The first time I encountered She-Ra was about 8 years ago on Hulu. Like any new ‘network’, Hulu was taking advantage of inexpensive syndicated programming to draw in viewers. She-Ra: Princess of Power (1985) was literally a sister show to He-Man and the Masters of the Universe (1983). Since He-Man had such success getting boys to buy their toys, Mattel wanted to capture the interest of girls as well.
The original She-Ra follows Adora, long lost sister of He-Man‘s Adam. She had been kidnapped from planet Eternia and raised on planet Etheria by the Evil Horde to be one of their Force Captains. (Confusing, right?) After being given the Sword of Protection by her brother, Adam, she defects and joins/leads the rebellion. The original She-Ra wore a skimpy outfit, though more elegant (Grecian?) than her brother’s, but she too fought “For the honor of Grayskull”.
While He-Man has been rebooted several times, this is the first time for She-Ra, which is attempting to draw on the popularity of comics geared towards girls such as Nimona and TV shows such as Steven Universe. All of these programs feature female characters that are just as sexualized as their male counterparts (read: not at all). Steven Universe is also known for its portrayal of the LGBTQ+ community, which She-Ra and the Princesses of Power (2018) is not afraid to draw on.
The best way to describe She-Ra (2018) is that it is the midpoint between Steven Universe (2013-present) and Avatar: The Last Airbender (2005-2008). The art style resembles Avatar in many ways, but also contains the roundness and soft edges of Steven Universe. The characterization is much closer to Avatar, though, with characters that are unafraid to emote in that obvious anime way. The show features themes of friendship rather than romantic love, but it’s clear from the get-go that gender and sexual preference really don’t matter in this new Etheria.
The society is primarily a female dominant one, with the main villain Hordak as the only male currently in power. However, this does not relegate male characters to the roles typically played by their female counterparts. No, instead of just a gender flip, She-Ra does something much, much better and more interesting; creating a society that has males and females playing an equal part because gender/gender identity are not important in She-Ra. Gender and sexuality aren’t underplayed, just never referenced. Characters come in all different shapes, colors, styles, races, etc and not a single character bats an eye. They are far too busy just trying to live their lives.
Despite being raised by the Evil Horde, Adora’s moral compass points towards truth, justice, and compassion. She’s actually shocked to learn that the Evil Horde regularly hurt innocent people (and that they’re called the Evil Horde). She is somehow ignorant to everything about them, believing instead that the Rebellion are the ones causing unnecessary destruction and harm.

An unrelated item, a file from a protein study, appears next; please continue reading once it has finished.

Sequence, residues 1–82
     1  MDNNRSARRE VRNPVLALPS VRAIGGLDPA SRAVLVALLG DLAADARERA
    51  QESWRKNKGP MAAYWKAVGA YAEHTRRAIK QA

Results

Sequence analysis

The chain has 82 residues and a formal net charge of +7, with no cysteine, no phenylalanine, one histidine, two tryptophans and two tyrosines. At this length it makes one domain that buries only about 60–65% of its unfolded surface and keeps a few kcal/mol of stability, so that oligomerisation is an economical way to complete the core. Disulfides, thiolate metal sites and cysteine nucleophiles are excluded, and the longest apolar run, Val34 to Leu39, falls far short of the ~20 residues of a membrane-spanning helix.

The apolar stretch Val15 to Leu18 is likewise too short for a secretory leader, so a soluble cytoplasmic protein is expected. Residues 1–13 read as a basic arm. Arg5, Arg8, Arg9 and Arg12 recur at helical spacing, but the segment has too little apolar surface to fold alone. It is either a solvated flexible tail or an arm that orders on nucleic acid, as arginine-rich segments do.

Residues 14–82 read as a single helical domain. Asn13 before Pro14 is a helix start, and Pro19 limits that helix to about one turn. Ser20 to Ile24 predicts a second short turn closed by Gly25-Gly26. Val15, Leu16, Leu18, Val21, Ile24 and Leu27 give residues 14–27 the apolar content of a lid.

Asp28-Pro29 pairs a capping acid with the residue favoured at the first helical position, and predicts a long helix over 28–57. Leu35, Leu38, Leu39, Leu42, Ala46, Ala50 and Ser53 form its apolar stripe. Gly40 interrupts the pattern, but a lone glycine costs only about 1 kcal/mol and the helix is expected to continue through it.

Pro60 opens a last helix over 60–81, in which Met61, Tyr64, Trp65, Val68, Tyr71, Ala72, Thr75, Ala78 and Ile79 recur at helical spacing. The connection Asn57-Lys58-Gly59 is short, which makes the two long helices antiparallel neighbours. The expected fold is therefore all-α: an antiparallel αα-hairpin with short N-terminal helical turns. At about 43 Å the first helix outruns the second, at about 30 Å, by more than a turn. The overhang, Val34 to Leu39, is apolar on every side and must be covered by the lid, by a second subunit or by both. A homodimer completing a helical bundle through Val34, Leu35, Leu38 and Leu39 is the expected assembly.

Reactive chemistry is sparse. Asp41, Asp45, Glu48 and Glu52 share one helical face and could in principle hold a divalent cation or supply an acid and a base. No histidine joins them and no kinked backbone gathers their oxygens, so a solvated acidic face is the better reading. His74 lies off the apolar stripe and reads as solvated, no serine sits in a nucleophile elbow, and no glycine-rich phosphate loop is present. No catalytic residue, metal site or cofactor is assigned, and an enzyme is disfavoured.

This brings me to a pattern that I’ve found throughout various programs. I don’t have a name for it, but basically it boils down to this: Two friends (often shipped), usually one of them is blond/e and blue eyed, while the other has dark hair or looks less ‘normal’. The blond/e is, for lack of a better word, derpy. These naive characters always want to fight for what’s right and are strong enough to make a difference, however, they struggle with seeing through deceptions or that sometimes things just aren’t that black and white. The other friend is a lot more savvy, with a better understanding of how the world works and that things are not always as simple as they seem. These characters are usually of similar strength or power, but the friend is usually not “the hero” in their world, like the blond/e is.
This is the case with Adora and Catra. While it becomes clear very quickly that all of the characters are a departure from their 1980s counterparts, their relationship really is a product of 2018 sensibilities and ideas. They have a very honest, heartfelt relationship as two characters who were raised together by Shadow Weaver, Hordak’s second-in-command. It’s unclear if 2018 Catra possesses the same abilities as 1985 Catra, but she is a feline humanoid, complete with ears, claws, and a tail. While Blonde, blue-eyed Adora follows the Horde because she believes they are on the side of right (and because they raised her), Catra sees through their lies and is under no impression that they are the ‘good guys’. After feeling betrayed by Adora’s defection, she becomes increasingly self-serving, trying to work her way up the ladder– especially when Adora’s absence opens up a big promotion.
Catra is not the only one who has something to work towards. Because these characters are portrayed as younger than they were in 1985, they are still learning who they are and where they belong. All of the Princesses are young, newer rulers, who are unsure about breaking away from their parents’ values. Individual episodes show the growth that comes with understanding that parents are not infallible and that just because something didn’t work in the past, doesn’t mean it can’t work in the present. All of the characters are growing up and we viewers get to see what that means.
She-Ra and the Princesses of Power is a complex show that pulls on inspiration from many different places to create something more relatable than the original. I eagerly look forward to additional episodes and hope that this show gets the numbers it deserves. We need more of these earnest, honest shows that demonstrate characters of all different backgrounds getting along without judgement beyond what’s in a character’s heart. It’s a lesson everyone can benefit from.